Environment & Science

Railroads fined for not reporting dirty diesel trucks at SoCal rail yards

File: A Burlington Northern Santa Fe train sits idle at the Port of Oakland Nov. 3, 2009 in Oakland.
File: A Burlington Northern Santa Fe train sits idle at the Port of Oakland Nov. 3, 2009 in Oakland.
Justin Sullivan/Getty Images

Listen to story

00:59
Download this story 0.0MB

Ports have been working to reduce fumes from diesel trucks, but local rail yards have remained a hot spot for diesel air pollution. To help remedy that, the California Air Resources Board (CARB) announced a combined $1.25 million in fines this week against two railroads that let dirty diesel trucks enter their rail yards.

The fines are for violations of the state’s Drayage Truck Regulations, which require trucks that haul cargo to rail yards to meet strict diesel emission standards. Trucks that don’t are supposed to be reported to the state Air Resources Board. At local ports, such trucks are also turned away from the gates.

But for several years, two railroads failed to correctly report information on all the dirty diesel rigs arriving at their rail yards in Los Angeles, Commerce, Industry and San Bernardino. The railroads filed reports, but they were often missing critical information like accurate vehicle identification numbers, said Todd Sax, chief enforcement officer for the board.

“If we don't have the vehicle identification number we don't have sufficient information to move the case forward against the fleet,” Sax said.

Union Pacific Railroad Company will pay $525,000 into a state air pollution control fund for three years of violations and has pledged to adopt a turnaway policy.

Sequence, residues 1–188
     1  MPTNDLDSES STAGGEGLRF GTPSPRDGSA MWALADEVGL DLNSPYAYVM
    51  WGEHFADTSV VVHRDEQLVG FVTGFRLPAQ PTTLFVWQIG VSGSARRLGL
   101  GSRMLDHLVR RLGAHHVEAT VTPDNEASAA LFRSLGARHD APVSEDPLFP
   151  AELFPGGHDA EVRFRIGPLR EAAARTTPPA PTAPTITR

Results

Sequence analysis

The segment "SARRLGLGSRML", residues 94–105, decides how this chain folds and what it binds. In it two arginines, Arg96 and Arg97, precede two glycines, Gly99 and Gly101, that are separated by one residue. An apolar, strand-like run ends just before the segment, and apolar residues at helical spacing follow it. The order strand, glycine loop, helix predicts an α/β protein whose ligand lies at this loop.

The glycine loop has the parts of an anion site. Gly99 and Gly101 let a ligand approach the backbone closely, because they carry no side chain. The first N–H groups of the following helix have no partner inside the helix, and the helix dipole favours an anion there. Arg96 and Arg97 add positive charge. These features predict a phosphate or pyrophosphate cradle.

Union Pacific spokesman Justin Jacobs said in an emailed statement, “At our facilities, we will turn away trucks that are not compliant with current CARB standards and regulations.”

Burlington Northern Santa Fe (BNSF) agreed to pay $720,000 in penalties for six years of reporting violations. Of that, $625,000 will go for air filtration systems to be installed under supervision of the South Coast Air Quality Management District at schools near rail yards

BNSF spokeswoman Lena Kent said in an emailed statement that the company “worked collaboratively with the California Air Resources Board (CARB) for nearly 20 years to reduce emissions and improve air quality. To that end, we are pleased to resolve a recent issue with CARB to our mutual satisfaction.”

BNSF has not adopted a turnaway policy, Sax said, preferring instead to focus on the reporting requirements.

Neither company would respond to questions about why their rail yards failed to report accurate or complete VIN numbers to the board.